Consumer Confidence Offers Mixed Economic Picture

Consumers’ inflation expectations rose significantly in March and their income expectations soured,  according to the Conference Board, a combination that will likely impact spending decisions. The Conference Board Consumer Confidence Index, which had increased in February, declined in March. The Index now stands at 63.4 (1985=100), down from 72.0 in February. The Present Situation Index improved to 36.9 from 33.8. The Expectations Index decreased to 81.1 from 97.5 last month.

The monthly Consumer Confidence Survey®, based on a probability-design random sample, is conducted for The Conference Board by The Nielsen Company, a leading global provider of information and analytics around what consumers buy and watch. The cutoff date for March’s preliminary results was March 16.

Said Lynn Franco, director of The Conference Board Consumer Research Center: “The sharp decline in confidence was prompted by a sharp decline in expectations. Consumers’ inflation expectations rose significantly in March and their income expectations soured, a combination that will likely impact spending decisions. On the other hand, consumers’ assessment of current conditions improved, indicating that while the short-term future may be uncertain, the economy continues to expand.”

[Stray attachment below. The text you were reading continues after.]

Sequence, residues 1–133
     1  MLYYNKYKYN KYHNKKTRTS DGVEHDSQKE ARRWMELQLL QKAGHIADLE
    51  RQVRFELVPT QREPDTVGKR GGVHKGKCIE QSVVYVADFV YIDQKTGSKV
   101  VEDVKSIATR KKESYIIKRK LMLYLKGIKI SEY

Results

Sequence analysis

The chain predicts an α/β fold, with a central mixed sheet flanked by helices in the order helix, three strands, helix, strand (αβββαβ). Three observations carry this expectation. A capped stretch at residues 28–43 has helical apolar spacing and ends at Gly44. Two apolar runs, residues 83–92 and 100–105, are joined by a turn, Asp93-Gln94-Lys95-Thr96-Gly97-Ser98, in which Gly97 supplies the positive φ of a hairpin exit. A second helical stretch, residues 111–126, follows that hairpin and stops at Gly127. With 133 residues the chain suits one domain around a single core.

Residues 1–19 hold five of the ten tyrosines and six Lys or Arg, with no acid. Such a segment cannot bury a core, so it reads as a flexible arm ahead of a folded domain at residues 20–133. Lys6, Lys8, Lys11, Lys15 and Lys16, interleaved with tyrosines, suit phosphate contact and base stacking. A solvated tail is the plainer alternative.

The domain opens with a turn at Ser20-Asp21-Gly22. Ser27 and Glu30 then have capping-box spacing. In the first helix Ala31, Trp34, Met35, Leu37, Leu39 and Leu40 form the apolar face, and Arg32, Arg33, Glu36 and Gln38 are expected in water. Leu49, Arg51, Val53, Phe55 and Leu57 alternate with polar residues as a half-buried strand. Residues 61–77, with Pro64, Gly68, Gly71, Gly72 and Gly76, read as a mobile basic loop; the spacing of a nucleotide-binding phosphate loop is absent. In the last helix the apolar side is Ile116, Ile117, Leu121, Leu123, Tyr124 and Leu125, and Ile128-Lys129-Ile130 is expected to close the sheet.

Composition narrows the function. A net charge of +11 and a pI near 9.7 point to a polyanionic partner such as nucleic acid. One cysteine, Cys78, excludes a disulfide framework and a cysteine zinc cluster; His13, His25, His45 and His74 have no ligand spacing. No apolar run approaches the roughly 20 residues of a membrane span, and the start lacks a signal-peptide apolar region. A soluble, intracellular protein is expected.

Consumers’ assessment of current conditions improved in March, the Conference Board said.. Those claiming business conditions are “good” increased to 15.1 percent from 12.4 percent, while those claiming business conditions are “bad” decreased to 37.0 percent from 39.3 percent. Consumers’ appraisal of the job market, however, was slightly less favorable than in February. Those saying jobs are “hard to get” edged up to 44.6 percent from 44.4 percent, while those stating jobs are “plentiful” dipped to 4.4 percent from 4.9 percent.

Consumers’ short-term outlook was considerably less favorable than in February, the Conference  Board reports. The proportion of consumers expecting business conditions to improve over the next six months declined to 20.6 percent from 25.2 percent, while those anticipating business conditions will worsen increased to 16.2 percent from 10.3 percent. Consumers were also more downbeat about the labor market. Those expecting more jobs in the months ahead declined to 19.9 percent from 21.2 percent, while those anticipating fewer jobs rose to 20.7 percent from 15.0 percent. The proportion of consumers expecting an increase in their incomes declined to 15.3 percent from 17.4 percent.



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